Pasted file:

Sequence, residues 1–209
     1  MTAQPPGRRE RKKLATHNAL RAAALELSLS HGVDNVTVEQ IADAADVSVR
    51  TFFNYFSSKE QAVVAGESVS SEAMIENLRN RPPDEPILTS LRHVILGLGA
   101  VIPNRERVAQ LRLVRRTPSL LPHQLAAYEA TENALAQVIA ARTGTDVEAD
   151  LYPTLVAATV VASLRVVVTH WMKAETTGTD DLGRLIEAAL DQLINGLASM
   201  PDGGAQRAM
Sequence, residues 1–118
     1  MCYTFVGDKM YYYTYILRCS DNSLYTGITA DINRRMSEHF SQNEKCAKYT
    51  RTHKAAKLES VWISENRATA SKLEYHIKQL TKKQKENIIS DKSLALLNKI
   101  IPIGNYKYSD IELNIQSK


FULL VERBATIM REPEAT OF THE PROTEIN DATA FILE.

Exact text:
Sequence, residues 1–209
     1  MTAQPPGRRE RKKLATHNAL RAAALELSLS HGVDNVTVEQ IADAADVSVR
    51  TFFNYFSSKE QAVVAGESVS SEAMIENLRN RPPDEPILTS LRHVILGLGA
   101  VIPNRERVAQ LRLVRRTPSL LPHQLAAYEA TENALAQVIA ARTGTDVEAD
   151  LYPTLVAATV VASLRVVVTH WMKAETTGTD DLGRLIEAAL DQLINGLASM
   201  PDGGAQRAM
Sequence, residues 1–118
     1  MCYTFVGDKM YYYTYILRCS DNSLYTGITA DINRRMSEHF SQNEKCAKYT
    51  RTHKAAKLES VWISENRATA SKLEYHIKQL TKKQKENIIS DKSLALLNKI
   101  IPIGNYKYSD IELNIQSK